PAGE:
Bruen , slip op. at 8 (footnote omitted). The Court rejected the notion that Heller and McDonald supported means-ends scrutiny in the Second Amendment context. "Instead, the government must affirmatively prove that its firearms regulation is part of the historical tradition that delimits the outer bounds of the right to keep and bear arms." Id. at 10.
2. PS §§ 5-133(b)(2) and 5-205(b)(2) are presumptively lawful.
Our first task, then, is to determine whether PS §§ 5-133(b)(2) and 5-205(b)(2) are presumptively lawful. As discussed above, we hold that they are. The burden is on Mr. Fooks to rebut the presumption. He disputes that a prohibition from possessing firearms because of a criminal contempt conviction is presumptively lawful. He argues that because "the Supreme Court did not include ‘criminal contemnors as a class,’ and it is at least unclear whether history meant to include them, it must be assumed that Mr. Fooks’[s] Second Amendment rights remained intact" (cleaned up). But again, the Supreme Court recognized in Heller the "prohibitions on the possession of firearms by felons and the mentally ill, or laws forbidding the carrying of firearms in sensitive places such as schools and government buildings, or laws imposing conditions and qualifications on the commercial sale of arms." 554 U.S. at 626–27, 128 S.Ct. 2783. These "presumptively lawful regulatory measures" were merely examples and not meant "to be exhaustive." Id. at 627 n.26, 128 S.Ct. 2783.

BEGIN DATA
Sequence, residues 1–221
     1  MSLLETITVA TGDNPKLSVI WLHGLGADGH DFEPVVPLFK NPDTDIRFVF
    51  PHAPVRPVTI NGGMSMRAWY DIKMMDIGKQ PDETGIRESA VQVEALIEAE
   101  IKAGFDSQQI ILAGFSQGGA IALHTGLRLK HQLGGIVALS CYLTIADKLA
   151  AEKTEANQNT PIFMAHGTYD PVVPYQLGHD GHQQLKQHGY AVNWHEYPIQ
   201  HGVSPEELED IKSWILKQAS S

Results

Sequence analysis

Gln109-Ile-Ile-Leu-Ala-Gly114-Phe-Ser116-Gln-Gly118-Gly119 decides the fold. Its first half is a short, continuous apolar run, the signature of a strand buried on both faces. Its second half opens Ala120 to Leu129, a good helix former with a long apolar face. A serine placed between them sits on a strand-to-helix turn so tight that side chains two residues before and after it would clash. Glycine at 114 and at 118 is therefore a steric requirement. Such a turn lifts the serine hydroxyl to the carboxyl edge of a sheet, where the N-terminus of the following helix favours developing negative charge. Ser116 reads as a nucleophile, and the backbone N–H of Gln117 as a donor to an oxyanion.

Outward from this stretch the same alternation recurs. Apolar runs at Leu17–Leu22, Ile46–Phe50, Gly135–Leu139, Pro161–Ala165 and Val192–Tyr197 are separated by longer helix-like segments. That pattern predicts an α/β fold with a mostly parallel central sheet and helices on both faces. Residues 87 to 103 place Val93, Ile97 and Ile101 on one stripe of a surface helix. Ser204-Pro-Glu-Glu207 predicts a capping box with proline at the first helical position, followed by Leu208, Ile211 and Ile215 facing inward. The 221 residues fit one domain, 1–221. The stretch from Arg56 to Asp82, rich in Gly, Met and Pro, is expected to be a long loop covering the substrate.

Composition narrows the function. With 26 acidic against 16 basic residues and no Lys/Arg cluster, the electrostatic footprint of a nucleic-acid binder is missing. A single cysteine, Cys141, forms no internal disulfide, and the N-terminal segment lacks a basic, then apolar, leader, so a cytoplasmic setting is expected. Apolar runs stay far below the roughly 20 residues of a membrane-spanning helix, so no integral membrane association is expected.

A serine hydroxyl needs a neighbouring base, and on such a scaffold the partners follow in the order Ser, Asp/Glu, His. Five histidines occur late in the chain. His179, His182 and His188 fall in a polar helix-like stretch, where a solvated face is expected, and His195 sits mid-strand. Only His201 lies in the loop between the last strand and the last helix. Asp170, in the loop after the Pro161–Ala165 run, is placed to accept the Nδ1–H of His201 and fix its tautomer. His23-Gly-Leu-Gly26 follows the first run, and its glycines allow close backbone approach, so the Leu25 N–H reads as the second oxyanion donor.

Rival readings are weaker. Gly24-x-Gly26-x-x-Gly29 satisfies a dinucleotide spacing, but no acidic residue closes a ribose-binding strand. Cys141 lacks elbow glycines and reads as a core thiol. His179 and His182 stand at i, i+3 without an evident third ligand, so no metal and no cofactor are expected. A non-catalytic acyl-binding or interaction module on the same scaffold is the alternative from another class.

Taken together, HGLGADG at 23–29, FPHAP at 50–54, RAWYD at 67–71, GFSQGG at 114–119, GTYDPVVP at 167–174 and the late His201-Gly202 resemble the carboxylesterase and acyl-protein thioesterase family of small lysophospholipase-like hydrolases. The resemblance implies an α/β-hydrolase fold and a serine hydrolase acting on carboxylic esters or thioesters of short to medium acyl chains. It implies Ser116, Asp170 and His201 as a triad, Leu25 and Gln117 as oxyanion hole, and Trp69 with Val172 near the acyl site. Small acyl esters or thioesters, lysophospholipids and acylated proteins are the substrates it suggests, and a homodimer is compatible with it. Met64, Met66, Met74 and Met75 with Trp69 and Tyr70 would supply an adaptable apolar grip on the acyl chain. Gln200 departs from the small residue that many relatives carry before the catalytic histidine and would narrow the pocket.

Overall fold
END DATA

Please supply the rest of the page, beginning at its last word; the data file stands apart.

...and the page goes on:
We agree with the circuit court that a court could find a statute presumptively valid based solely on the legislature's determination that people convicted of a common law crime who receive a prison term of more than two years should be disqualified from possessing a firearm. A look at the statutory language also supports a conclusion that the statutes are presumptively valid. Section 5-133(b)(2) provides that "a person may not possess a ... firearm if the person ... has been convicted of a violation classified as a common law crime and received a term of imprisonment of more than 2 years [.]" (Emphasis added.) The statute is not ambiguous. The legislature didn't provide that any common law conviction disqualified an individual from possessing firearms. It enumerated specifically that the individual had to receive a sentence of more than two years to be disqualified. It is the sentence imposed, not the classification of the common law crime, that determines the seriousness of the offense. As the State characterized it in its brief, "[Mr.] Fooks was not stripped of his constitutional right to keep and bear arms because he simply failed to pay child support" (emphasis in original). Rather, he "was convicted of willfully refusing to comply with a court order to support his children, and the circumstances of his defiance were so egregious that the circuit court sentenced [him] to serve over two years’ incarceration ." (Emphasis in original.) This is hardly a controversial prospect—indeed, the Family Law Article authorizes sentences of up to three years for failing to pay child support. See Maryland Code (1984, 2019 Repl. Vol.), § 10-203(c) of the Family Law Article (providing for a three-year maximum penalty for willfully failing to pay child support). We don't know why Mr. Fook's underlying case proceeded under common law criminal contempt rather than as a family law case, but it doesn't matter. The conviction and sentence are valid, and PS §§ 5-133(b)(2) and 5-205(b)(2) are presumptively lawful.
Hamilton , 848 F.3d at 624 (cleaned up).